Saturday Night Fever is more than just the movie with John Travolta wearing a white suit and dancing to the music of the Bee Gees. It’s also an insightful study of ambition and desperation, and a gritty depiction of life in the working-class neighborhoods of New York City. So while the storyline is melodramatic and some of the musical sequences go on too long, Travolta’s performance is one of the most iconic acting turns of the ’70s, and the movie is filled with moments that have become ingrained into the texture of cinema history. Norman Wexler adapted the script from a New York magazine article titled “Tribal Rites of the New Saturday Night,” which, ironically, author Nik Cohn later admitted he fabricated, so it’s not as if Saturday Night Fever has any claim to factual accuracy; what the movie offers instead is a palpable sense that its relatable characters are obsessed with scoring on the dancefloor as a means of escaping what they perceive as the suffocating confines of “normal” life.
Travolta stars as Tony Manero, a twentysomething paint-store drone whose life is headed straight to blue-collar mediocrity except for when he unleashes his prodigious talent for disco dancing. On the multicolored floor of the Odyssey nightclub, he’s a god. Tony’s abilities draw him into a fractious relationship with an ambitious female counterpart, Stephanie (Karen Lynn Gorney), and he’s fascinated by the fact that she’s even better at putting on big-city airs than he is, so he studies with her to improve his dance technique, to polish his faux refinement, and to make time with her in order to prove his Neanderthal manhood. Watching dim-bulb Tony realize that there’s more to life than pretending to be a big shot is compelling, and the subplot depicting Tony’s abusive treatment of a simple neighborhood girl (Donna Pescow) adds dark colors to the characterization. The sequences depicting Tony and his buddies prowling for women are especially vivid, with the streetwise dudes spewing foul-mouthed boasts and indulging impulses so primal that they’re forever walking the line between big talk and big, violent action.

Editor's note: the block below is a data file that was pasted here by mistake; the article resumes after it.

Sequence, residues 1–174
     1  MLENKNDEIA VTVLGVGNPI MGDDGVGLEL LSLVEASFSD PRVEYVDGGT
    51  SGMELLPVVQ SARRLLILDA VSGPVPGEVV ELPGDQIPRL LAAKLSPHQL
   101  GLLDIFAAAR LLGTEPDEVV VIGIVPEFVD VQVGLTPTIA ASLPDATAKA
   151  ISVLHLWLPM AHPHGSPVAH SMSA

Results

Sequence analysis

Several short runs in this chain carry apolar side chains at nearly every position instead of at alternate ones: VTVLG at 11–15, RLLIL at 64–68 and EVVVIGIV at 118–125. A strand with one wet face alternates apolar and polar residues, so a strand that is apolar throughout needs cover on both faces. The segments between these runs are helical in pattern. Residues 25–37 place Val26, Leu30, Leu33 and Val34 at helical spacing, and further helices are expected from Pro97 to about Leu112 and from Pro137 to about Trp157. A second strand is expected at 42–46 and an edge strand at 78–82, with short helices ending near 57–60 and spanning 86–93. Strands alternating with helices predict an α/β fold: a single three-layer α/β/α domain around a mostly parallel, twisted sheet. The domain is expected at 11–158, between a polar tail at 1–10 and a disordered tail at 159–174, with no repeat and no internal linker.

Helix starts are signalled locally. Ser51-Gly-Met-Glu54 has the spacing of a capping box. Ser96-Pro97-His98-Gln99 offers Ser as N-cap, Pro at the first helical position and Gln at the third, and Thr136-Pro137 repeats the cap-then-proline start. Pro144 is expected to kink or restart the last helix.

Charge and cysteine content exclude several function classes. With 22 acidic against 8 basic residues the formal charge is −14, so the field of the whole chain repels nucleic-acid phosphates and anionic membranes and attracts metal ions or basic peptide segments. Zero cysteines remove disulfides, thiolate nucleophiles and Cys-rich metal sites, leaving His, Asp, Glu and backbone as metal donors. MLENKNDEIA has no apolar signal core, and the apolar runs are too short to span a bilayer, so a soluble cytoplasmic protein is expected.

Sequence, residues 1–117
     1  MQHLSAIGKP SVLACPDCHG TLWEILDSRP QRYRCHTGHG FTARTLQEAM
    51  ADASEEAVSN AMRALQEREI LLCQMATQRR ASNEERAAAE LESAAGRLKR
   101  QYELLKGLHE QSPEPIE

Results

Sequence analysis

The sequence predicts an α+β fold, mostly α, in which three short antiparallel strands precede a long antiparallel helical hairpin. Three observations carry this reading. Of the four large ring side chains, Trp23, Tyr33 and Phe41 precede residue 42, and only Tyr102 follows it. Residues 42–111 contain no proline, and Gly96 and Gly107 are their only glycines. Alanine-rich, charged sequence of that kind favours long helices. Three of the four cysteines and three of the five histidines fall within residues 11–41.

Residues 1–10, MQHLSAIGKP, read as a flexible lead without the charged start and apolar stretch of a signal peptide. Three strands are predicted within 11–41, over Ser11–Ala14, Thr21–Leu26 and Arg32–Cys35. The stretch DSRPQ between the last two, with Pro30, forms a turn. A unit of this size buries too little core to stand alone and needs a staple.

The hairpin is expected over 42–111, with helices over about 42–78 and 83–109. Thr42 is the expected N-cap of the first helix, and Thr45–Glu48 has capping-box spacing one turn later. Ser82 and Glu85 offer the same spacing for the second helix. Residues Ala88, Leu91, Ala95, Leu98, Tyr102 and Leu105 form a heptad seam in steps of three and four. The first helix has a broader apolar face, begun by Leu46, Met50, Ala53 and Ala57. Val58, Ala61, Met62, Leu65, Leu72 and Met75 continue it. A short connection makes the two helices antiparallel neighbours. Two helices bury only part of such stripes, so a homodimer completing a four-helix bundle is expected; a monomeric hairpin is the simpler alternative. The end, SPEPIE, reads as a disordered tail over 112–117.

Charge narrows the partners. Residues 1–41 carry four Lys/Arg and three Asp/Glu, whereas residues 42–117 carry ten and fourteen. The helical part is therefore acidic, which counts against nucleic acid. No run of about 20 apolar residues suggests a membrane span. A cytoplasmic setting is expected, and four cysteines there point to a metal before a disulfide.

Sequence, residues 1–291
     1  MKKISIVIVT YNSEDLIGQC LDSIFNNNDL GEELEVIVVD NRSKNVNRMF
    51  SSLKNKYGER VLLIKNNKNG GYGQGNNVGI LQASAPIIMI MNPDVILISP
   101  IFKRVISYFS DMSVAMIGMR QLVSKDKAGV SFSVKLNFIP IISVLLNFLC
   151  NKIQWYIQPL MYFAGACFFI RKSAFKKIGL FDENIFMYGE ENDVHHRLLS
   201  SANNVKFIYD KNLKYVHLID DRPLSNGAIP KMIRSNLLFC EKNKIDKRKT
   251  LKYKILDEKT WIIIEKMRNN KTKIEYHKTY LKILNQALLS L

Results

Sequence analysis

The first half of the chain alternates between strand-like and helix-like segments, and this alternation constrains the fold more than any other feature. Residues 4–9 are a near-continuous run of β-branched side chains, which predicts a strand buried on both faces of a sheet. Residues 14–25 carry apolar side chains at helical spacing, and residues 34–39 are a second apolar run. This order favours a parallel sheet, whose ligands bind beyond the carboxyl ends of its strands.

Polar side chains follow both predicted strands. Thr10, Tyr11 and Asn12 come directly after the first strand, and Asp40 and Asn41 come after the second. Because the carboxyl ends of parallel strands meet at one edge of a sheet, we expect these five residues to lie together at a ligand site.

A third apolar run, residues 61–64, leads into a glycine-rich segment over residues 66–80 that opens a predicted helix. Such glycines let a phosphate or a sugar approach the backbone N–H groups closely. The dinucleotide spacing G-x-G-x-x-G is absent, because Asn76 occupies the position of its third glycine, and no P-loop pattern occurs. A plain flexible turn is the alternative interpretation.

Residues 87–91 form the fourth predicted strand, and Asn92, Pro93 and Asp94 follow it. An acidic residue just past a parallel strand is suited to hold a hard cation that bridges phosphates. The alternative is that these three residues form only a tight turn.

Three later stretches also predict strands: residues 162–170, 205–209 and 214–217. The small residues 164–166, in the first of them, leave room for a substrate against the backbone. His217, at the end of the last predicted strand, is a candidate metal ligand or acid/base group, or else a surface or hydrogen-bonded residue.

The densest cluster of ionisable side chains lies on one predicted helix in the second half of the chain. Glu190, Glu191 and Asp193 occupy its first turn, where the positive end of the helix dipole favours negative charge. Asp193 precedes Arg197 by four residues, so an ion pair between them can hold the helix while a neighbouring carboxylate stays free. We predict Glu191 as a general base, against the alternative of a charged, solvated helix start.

Travolta gives his career-best performance, matching youthful swagger with genuine pathos, and he’s credible even when the movie gets overwrought. However it’s the dance scenes that make the film legendary, and for the most part they don’t disappoint; director John Badham’s exciting visual contributions include the up-and-down camera moves that follow Travolta’s every gyration during his show-stopping routine set to “You Should Be Dancing.” For the whole Saturday Night Fever experience, by the way, avoid the truncated PG-rated version that Paramount released in 1978 so younger viewers could see the movie, because only the R-rated original has the full impact.
Saturday Night Fever: RIGHT ON